The ongoing transformation of quantum field theory

Quantum field theory (QFT) is the basic framework of particle physics. Particles arise from the quantized energy levels of field oscillations; Feynman diagrams are the simple tool for approximating their interactions. The “standard model”, the success of which is capped by the recent observation of a Higgs boson lookalike, is a quantum field theory.

But just like everything mathematical, quantum field theory has hidden depths. For the past decade, new pictures of the quantum scattering process (in which particles come together, interact, and then fly apart) have incrementally been developed, and they presage a transformation in the understanding of what a QFT describes.

At the center of this evolution is “N=4 super-Yang-Mills theory”, the maximally supersymmetric QFT in four dimensions. I want to emphasize that from a standard QFT perspective, this theory contains nothing but scalar particles (like the Higgs), spin-1/​2 fermions (like electrons or quarks), and spin-1 “gauge fields” (like photons and gluons). The ingredients aren’t something alien to real physics. What distinguishes an N=4 theory is that the particle spectrum and the interactions are arranged so as to produce a highly extended form of supersymmetry, in which particles have multiple partners (so many LWers should be comfortable with the notion).

In 1997, Juan Maldacena discovered that the N=4 theory is equivalent to a type of string theory in a particular higher-dimensional space. In 2003, Edward Witten discovered that it is also equivalent to a different type of string theory in a supersymmetric version of Roger Penrose’s twistor space. Those insights didn’t come from nowhere, they explained algebraic facts that had been known for many years; and they have led to a still-accumulating stockpile of discoveries about the properties of N=4 field theory.

What we can say is that the physical processes appearing in the theory can be understood as taking place in either of two dual space-time descriptions. Each space-time has its own version of a particular large symmetry, “superconformal symmetry”, and the superconformal symmetry of one space-time is invisible in the other. And now it is becoming apparent that there is a third description, which does not involve space-time at all, in which both superconformal symmetries are manifest, but in which space-time locality and quantum unitarity are not “visible”—that is, they are not manifest in the equations that define the theory in this third picture.

I cannot provide an authoritative account of how the new picture works. But here is my impression. In the third picture, the scattering processes of the space-time picture become a complex of polytopes—higher-dimensional polyhedra, joined at their faces—and the quantum measure becomes the volume of these polyhedra. Where you previously had particles, you now just have the dimensions of the polytopes; and the fact that in general, an n-dimensional space doesn’t have n special directions suggests to me that multi-particle entanglements can be something more fundamental than the separate particles that we resolve them into.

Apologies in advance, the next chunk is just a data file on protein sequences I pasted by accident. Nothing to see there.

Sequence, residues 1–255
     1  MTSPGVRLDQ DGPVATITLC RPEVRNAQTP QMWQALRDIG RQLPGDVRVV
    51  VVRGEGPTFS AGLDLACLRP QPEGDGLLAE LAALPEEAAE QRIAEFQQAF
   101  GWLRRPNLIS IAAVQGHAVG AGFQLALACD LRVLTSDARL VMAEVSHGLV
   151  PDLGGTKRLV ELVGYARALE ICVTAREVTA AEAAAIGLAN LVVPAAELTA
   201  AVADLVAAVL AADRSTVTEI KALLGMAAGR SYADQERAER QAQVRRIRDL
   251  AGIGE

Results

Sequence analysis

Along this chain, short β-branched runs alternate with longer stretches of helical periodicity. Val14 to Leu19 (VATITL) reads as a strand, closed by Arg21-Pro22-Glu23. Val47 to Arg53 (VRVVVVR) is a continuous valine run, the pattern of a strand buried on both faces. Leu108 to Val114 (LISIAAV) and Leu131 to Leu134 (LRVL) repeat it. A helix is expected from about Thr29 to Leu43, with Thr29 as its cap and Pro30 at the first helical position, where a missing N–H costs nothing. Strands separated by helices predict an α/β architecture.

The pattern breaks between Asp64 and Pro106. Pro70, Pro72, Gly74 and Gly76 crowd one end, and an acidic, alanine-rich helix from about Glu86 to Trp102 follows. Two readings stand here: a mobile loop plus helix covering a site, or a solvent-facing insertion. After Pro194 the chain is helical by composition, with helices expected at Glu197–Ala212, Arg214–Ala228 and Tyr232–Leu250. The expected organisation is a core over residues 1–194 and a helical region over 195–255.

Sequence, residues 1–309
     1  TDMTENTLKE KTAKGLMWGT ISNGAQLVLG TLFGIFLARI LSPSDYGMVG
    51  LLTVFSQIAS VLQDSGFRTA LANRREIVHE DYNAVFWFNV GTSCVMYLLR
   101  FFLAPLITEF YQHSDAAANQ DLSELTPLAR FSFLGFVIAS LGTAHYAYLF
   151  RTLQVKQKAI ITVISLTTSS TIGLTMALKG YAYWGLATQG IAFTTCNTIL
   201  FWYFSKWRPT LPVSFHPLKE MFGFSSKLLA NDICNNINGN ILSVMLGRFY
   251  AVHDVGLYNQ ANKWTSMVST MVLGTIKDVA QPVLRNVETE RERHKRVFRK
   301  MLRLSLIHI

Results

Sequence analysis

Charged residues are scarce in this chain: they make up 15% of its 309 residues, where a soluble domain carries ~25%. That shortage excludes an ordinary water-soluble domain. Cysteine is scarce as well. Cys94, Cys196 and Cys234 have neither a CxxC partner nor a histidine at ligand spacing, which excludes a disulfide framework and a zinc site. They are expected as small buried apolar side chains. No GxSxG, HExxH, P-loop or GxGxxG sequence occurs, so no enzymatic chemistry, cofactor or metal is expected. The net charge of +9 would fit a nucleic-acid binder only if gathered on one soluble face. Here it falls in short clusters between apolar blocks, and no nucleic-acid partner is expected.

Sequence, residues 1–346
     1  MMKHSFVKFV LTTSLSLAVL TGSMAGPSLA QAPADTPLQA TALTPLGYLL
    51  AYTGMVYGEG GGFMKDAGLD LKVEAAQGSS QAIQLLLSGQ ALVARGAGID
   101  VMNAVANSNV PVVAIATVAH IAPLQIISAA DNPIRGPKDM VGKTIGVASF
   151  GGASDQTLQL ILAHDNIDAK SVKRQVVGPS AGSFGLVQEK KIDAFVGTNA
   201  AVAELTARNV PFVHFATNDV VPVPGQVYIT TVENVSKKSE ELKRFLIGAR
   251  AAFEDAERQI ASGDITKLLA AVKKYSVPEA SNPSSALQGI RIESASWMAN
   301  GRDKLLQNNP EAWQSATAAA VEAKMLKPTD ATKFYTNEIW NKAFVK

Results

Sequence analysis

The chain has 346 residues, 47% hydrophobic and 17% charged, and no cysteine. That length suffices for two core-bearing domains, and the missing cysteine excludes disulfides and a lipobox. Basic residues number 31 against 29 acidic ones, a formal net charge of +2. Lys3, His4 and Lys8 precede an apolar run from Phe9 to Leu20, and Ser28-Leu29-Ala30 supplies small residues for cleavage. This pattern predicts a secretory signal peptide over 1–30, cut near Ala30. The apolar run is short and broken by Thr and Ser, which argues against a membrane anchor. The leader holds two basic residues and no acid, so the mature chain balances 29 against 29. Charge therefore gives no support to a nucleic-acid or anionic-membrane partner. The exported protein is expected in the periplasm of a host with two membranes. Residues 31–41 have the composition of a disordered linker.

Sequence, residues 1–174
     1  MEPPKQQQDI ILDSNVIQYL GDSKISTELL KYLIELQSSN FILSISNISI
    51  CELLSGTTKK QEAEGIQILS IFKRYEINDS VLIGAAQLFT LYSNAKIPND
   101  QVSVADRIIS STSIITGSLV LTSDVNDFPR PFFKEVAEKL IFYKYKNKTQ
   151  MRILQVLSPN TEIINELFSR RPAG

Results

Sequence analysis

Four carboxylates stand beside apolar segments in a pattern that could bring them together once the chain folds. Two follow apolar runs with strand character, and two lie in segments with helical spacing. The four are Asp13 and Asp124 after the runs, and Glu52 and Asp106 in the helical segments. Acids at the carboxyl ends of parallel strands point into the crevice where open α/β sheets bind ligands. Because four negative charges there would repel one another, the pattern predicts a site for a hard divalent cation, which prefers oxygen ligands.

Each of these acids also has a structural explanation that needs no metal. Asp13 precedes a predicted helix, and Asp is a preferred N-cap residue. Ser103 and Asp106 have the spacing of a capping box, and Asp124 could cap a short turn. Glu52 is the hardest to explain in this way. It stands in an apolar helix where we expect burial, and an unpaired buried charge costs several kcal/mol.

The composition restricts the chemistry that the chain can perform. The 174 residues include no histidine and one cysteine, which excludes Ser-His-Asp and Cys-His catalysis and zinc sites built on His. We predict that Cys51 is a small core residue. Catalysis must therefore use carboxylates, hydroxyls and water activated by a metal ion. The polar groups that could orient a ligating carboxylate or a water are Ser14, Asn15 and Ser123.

It will be especially interesting to see whether this polytope combinatorics, that can give back the scattering probabilities calculated with Feynman diagrams in the usual picture, can work solely with ordinary probabilities. That was Penrose’s objective, almost fifty years ago, when he developed the theory of “spin networks” as a new language for the angular momentum calculations of quantum theory, and which was a step towards the twistor variables now playing an essential role in these new developments. If the probability calculus of quantum mechanics can be obtained from conventional probability theory applied to these “structures” that may underlie familiar space-time, then that would mean that superposition does not need to be regarded as ontological.

I’m talking about this now because a group of researchers around Nima Arkani-Hamed, who are among the leaders in this area, released their first paper in a year this week. It’s very new, and so arcane that, among physics bloggers, only Lubos Motl has talked about it.

This is still just one step in a journey. Not only does the paper focus on the N=4 theory—which is not the theory of the real world—but the results only apply to part of the N=4 theory, the so-called “planar” part, described by Feynman diagrams with a planar topology. (For an impressionistic glimpse of what might lie ahead, you could try this paper, whose author has been shouting from the wilderness for years that categorical knot theory is the missing piece of the puzzle.)

The N=4 theory is not reality, but the new perspective should generalize. Present-day calculations in QCD already employ truncated versions of the N=4 theory; and Arkani-Hamed et al specifically mention another supersymmetric field theory (known as ABJM after the initials of its authors), a deformation of which is holographically dual to a theory-of-everything candidate from 1983.

When it comes to seeing reality in this new way, we still only have, at best, a fruitful chaos of ideas and possibilities. But the solid results—the mathematical equivalences—will continue to pile up, and the end product really ought to be nothing less than a new conception of how physics works.